Friday, 19 January 2018

Tackling Fears about Returning to Work after a Career Break

Women returning to work after a career break


We are witnessing a very real change in the employment landscape for women returning to work after a career break. Employers are coming up with innovative ideas to attract and retain women, and showing willingness to implement the changes needed to entice returners. All in all, there’s never been a better time to return to work, so what’s stopping more women from taking advantage of these opportunities?

Elaine Russell, who heads up Women Returners in Ireland, and Karin Lanigan, Manager of Career Development and Recruitment Services for Chartered Accountants Ireland, 
talked to The Irish Times Women in Business Podcast about the common fears and challenges faced by women who are considering a return to the workplace. Below we have pulled out some of the key points and you can also listen to the full podcast episode here.

I’ve been out of the workplace for too long
You mustn’t let the length of time you’ve been out of work stop you from going back. We have worked with returners who have been out for 15 years or more and have successfully returned to professional-level work through returner programmes or through their networks. Remember that the length of your break doesn’t change your strengths, which are an integral part of who you are, and doesn't wipe out the career experience you had beforehand.

Also, you don’t need to talk about the length of your career break when introducing yourself to prospective employers. Do reference it - don't apologise or defend it - however, focus predominantly on your previous experience and what you want to do going forward.

I’m too old
Diversity is a hot topic right now, with many companies actively looking at ways of attracting older people. We’re seeing more and more women in their 50’s returning to the workplace, where they’re appreciated for their maturity, experience, perspective and stability.

I can’t get to grips with new technology
Technology moves quickly and some returners fear they’ll never catch up. However, it’s worth remembering that this rapidity of change means that everyone has to work hard to keep abreast of developments, even those people who have never had a career break. If you take some time to get yourself up to speed, you may actually be in a stronger position than others who haven’t had that time. It’s also worth bearing in mind that technology in the workplace is not so different to the technology we use at home these days, and so you might well find that you’re not as out of the loop as you may think!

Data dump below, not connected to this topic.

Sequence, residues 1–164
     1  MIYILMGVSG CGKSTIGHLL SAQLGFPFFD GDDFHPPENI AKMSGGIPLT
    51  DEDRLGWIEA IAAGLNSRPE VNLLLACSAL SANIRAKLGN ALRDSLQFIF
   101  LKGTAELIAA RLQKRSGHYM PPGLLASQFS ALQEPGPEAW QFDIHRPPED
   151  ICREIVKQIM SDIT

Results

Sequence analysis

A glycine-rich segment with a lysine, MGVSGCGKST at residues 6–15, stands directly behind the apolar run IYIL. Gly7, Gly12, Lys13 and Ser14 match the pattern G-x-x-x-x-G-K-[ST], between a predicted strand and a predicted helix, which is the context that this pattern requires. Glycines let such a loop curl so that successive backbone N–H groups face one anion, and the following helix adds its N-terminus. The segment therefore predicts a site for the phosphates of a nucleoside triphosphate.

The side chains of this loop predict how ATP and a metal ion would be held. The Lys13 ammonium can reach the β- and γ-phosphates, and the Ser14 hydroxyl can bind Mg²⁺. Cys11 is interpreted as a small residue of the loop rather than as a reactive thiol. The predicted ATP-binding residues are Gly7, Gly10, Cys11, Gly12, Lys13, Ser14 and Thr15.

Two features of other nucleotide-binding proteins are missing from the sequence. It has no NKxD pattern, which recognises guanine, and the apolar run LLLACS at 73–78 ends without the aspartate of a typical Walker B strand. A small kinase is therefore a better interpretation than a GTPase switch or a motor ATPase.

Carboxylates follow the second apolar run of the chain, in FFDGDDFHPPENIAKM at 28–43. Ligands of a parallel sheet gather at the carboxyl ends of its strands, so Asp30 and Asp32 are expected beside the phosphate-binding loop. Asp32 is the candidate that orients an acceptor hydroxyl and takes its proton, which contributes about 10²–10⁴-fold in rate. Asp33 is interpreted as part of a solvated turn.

I’ve lost my confidence
We know that women typically have less confidence when valuing their professional worth. Combine this with an extended career break, and professional confidence can truly plummet. It’s important to work on building your self-confidence so that you’re ready to go back into work with a positive mindset. Reconnect with your professional self and remember the value of your past qualifications and experience, and also of the skills you have gained outside of the workplace.

I can’t compete with applicants who haven’t take time out
Companies are actively looking for people like you, i.e. people who have taken time out and are coming back to the workplace with renewed energy. Remember that your time off is an asset in itself, and that during that time you gained a breadth of perspective and 
many new skills which you can feel proud of.

I’m scared of networking
While we often think of ‘networking’ as a process of selling ourselves, which can be a scary prospect, it’s more about meeting and chatting to people, which is what we do all the time. Networking can be enjoyable! You're not asking for a job - you're letting people know  about your previous work experience and what you'd like to do now, to see if you can get advice and information. Remember that most people want to help and are generous with their time.

I don’t have recent experience
Experience doesn't have to be recent to give you credibility. Think back on the successes from your career: make a list and remind yourself of your achievements, perhaps even contacting former colleagues who can jog your memory. It doesn’t matter how long ago it was, it still counts.

If you want even more inspiration, take a look at the returner success stories on our website, and read about how those women and men overcame their own personal challenges to successfully return to work after an extended break.

Read more on Tackling Return-to-Work Fears and Doubts here.

Posted by Elaine

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